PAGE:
In terms of the rest of the characters not a lot really stand out so far. Allison narrates the story and some of the other characters pale a little bit in comparison. I certainly thought the overlord baddie could have been worked on a little more.
Of course I did have a few criticisms. There is a little bit of repetitiveness in the story where you have a feeling of deja vu when reading. There was also the consideration of whether the author would fall into the human/vampire love ‘thing’ and whilst she didn’t totally succumb there is the start of a romance developing at the end of the story. I’m not really a big fan of this scenario. My other little niggle was the cover – I know I shouldn’t bang on about it but the cover of this book doesn’t seem to me to portray an asian girl.
Other than that I thought this was a good start to the series and I will definitely continue. I look forward to seeing how Allison develops.
I received a copy of this book through the publishers via NetGalley in return for a honest opinion.
Great opening lines.
As part of a monthly meme by the Classics Club we were asked about what are our favourite or most memorable opening lines. I must admit that I immediately thought of Daphne Du Maurier’s Rebecca: ‘Last night I dreamt I went to Manderley again.’ Of course this line is really memorable and the lovely Jessica from Bookwork Chronicles had bagged it! No surprise that this would make the list. This got me to thinking about great opening lines and how much of an impact they have. I certainly don’t think I would be put off reading a book if the opening line didn’t pack a punch but I wonder if it does make a difference to how you think about the book. My choice for the classics has to be:
‘It is a truth universally acknowledged, that a single man in possession of a good fortune, must be in want of a wife.’ —Jane Austen, Pride and Prejudice. Spot on if you ask me!
In terms of other great openers Neil Gaiman’s Graveyard Book grabs your attention immediately. ‘There was a hand in the darkness, and it held a knife’. You couldn’t stop reading after that could you?
I’ve picked ten openers, or more to the point I’ve thought about ten books that I love and taken a look at how they start:
- ‘My father’s family name being Pirrip, and my Christian name Philip, my infant tongue could make of both names nothing longer or more explicit than Pip.’ Great Expectations by Charles Dickens. This is a favourite. Is this opener fantastic. Probably not. Does it make me like the book less. Definitely not.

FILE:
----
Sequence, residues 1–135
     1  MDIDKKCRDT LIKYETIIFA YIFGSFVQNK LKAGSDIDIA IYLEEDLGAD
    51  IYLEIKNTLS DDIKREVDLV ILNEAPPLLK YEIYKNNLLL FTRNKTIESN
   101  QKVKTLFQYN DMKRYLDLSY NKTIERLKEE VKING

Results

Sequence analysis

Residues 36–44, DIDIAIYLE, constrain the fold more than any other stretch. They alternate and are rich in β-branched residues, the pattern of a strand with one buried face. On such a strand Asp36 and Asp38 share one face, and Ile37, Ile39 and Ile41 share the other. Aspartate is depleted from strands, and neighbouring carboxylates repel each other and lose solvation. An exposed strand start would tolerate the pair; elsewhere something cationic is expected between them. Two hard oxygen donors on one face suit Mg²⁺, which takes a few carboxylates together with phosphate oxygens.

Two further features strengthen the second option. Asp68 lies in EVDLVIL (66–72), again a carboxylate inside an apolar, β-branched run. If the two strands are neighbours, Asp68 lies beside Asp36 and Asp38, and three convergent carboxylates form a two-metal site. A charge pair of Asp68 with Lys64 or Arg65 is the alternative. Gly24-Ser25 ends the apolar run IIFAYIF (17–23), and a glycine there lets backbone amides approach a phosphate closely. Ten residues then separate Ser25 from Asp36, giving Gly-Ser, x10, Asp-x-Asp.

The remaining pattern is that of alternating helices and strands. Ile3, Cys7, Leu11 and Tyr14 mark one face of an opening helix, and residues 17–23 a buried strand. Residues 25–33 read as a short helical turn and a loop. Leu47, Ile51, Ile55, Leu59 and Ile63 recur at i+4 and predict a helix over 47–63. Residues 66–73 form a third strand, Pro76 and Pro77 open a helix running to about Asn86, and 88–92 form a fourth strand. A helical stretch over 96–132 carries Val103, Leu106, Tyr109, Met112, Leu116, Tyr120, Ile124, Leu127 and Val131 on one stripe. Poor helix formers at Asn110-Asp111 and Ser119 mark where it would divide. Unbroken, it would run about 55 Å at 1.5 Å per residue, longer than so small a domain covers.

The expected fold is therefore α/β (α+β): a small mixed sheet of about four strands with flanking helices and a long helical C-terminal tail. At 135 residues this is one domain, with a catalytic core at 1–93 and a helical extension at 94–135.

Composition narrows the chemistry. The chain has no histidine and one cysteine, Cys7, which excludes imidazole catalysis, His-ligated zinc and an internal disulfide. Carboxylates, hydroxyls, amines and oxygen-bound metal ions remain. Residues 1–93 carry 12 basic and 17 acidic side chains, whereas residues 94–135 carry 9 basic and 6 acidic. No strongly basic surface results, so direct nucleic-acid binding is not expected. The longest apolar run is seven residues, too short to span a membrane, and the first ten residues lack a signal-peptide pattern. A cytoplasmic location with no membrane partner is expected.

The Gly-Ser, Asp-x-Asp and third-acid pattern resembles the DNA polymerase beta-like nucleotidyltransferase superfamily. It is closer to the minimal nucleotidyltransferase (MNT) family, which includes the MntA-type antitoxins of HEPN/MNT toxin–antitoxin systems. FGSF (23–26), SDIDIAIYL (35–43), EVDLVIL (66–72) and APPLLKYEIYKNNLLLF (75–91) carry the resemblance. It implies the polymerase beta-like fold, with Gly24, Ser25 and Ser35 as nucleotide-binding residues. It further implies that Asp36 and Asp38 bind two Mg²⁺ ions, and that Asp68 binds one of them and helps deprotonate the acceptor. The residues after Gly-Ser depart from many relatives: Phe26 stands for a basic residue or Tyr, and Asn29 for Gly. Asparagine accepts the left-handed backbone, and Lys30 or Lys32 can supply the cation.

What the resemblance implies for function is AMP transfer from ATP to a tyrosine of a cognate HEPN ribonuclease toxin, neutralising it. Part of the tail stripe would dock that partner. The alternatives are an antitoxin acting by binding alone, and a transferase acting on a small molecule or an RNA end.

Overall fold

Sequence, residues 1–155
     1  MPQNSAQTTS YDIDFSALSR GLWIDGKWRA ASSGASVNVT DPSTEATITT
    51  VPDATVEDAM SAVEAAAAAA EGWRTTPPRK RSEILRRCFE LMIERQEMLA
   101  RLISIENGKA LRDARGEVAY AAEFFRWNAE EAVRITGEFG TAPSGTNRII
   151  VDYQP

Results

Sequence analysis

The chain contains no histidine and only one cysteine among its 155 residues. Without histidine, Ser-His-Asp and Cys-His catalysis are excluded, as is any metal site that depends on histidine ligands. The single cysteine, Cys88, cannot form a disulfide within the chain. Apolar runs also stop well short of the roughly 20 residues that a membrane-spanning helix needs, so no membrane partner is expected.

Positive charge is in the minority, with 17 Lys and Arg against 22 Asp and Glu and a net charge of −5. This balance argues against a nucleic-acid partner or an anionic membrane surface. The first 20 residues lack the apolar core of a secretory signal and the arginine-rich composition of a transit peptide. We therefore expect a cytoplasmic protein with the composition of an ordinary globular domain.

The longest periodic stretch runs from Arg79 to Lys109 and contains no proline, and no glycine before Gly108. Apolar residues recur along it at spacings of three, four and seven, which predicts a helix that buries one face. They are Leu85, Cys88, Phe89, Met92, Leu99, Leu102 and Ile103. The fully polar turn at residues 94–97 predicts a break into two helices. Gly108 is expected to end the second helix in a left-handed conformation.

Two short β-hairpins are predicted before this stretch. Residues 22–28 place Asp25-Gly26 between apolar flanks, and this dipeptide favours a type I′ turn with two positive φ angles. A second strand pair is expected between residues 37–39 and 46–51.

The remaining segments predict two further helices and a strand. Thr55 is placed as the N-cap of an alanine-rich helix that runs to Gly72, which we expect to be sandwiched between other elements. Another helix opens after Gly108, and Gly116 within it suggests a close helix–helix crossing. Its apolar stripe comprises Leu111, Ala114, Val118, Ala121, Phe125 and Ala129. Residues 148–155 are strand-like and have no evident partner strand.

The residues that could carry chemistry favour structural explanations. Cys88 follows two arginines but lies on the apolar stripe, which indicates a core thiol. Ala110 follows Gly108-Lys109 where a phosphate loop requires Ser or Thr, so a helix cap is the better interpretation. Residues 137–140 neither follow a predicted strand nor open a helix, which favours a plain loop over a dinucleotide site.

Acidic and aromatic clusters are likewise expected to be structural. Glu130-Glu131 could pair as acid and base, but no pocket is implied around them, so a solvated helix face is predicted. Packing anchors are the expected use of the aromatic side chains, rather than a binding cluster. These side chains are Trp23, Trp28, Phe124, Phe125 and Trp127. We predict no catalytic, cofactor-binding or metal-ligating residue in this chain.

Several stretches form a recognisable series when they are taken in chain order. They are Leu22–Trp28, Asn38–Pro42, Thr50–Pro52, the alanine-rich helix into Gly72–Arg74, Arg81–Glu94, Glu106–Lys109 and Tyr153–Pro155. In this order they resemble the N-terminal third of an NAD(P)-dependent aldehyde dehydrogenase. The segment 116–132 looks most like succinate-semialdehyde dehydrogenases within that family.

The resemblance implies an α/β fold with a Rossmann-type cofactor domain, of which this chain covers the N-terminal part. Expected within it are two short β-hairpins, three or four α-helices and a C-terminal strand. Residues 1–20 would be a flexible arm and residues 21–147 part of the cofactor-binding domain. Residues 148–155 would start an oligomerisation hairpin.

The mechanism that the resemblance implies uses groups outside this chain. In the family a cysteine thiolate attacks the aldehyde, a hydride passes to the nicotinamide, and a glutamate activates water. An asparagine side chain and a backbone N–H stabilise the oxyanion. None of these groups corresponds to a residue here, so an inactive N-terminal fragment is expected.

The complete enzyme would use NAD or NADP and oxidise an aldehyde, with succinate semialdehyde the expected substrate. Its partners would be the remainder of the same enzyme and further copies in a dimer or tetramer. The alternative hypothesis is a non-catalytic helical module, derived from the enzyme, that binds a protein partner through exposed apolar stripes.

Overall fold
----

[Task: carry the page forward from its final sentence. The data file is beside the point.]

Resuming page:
- ”My name was Salmon, like the fish; first name, Susie.’ The Lovely Bones by Alice Sebold. I really loved this book and I think this is a great opener – ‘my name was Salmon’ – ‘was’ being the word that immediately draws your attention!
- ‘There was no possibility of taking a walk that day’. Jane Eyre by Charlotte Bronte. This is another one of my favourite books and yet I wouldn’t say the opening line really grabs me having taken a fresh look. Did it stop me reading or picking up and reading again. No.
- ‘It was night again. The Waystone Inn lay in silence, and it was a silence of three parts.’ I had to cheat again here. This is The Name of the Wind by Patrick Rothfuss. I think this is a good opener – it makes me want to know what the three parts of silence are. You? Course I do love this book so my judgement might be a bit skewed!
- ‘At the height of the long wet summer of the Seventy-Seventh Year of Sendovani, the Thiefmaker of Camorr paid a sudden and unannounced visit to the Eyeless Priest at the Temple of Perelandro, desperately hoping to sell him the Lamora boy.’ The Lies of Locke Lamora by Scott Lynch. Another great book – that opening line is a bit of a mouthful (or a mindful). You pretty much know that you’re into the world of fantasy straight from the get go.
- ‘Ravens! Always the ravens. They settled on the gables of the church even before the injured became the dead.’ Prince of Thorns by Mark Lawrence. I cheated again (this is becoming a habit). Fantastic book. I think I detect a theme of liking sentences that are short and punchy.
- ‘On those cloudy days, Robert Neville was never sure when sunset came, and sometimes they were in the streets before he could get back.’ I am Legend by Richard Matheson. This is a great opener I think – who are ‘they’ – you have to read on and find out!
- ‘When Mr Bilbo Baggins of Bag End announced that he would shortly be celebrating his eleventy-first birthday with a party of special magnificence, there was much talk and excitement in Hobbiton.’ Needs no introduction. No really! If you don’t know what this book is then (1) WTF (2) Are you serious; and (c) get out of that black hole and read LoTR now! Ok it’s probably not got the same hook as some but Tolkien’s Lord of the Rings is such a great book it couldn’t miss the list. You straight away get the feeling of a story well told. Put on your slippers and settle down in a comfy chair to read (a glass of nice red wouldn’t go amiss either).
- ‘Once upon a time, a girl named September grew very tired indeed of her parents’ house, where she washed the same pink-and-yellow teacups and matching gravy boats every day.’ A beautiful and whimsical opening by Catherynne Valente’s The Girl Who Circumnavigated Fairyland in a ship of her own making.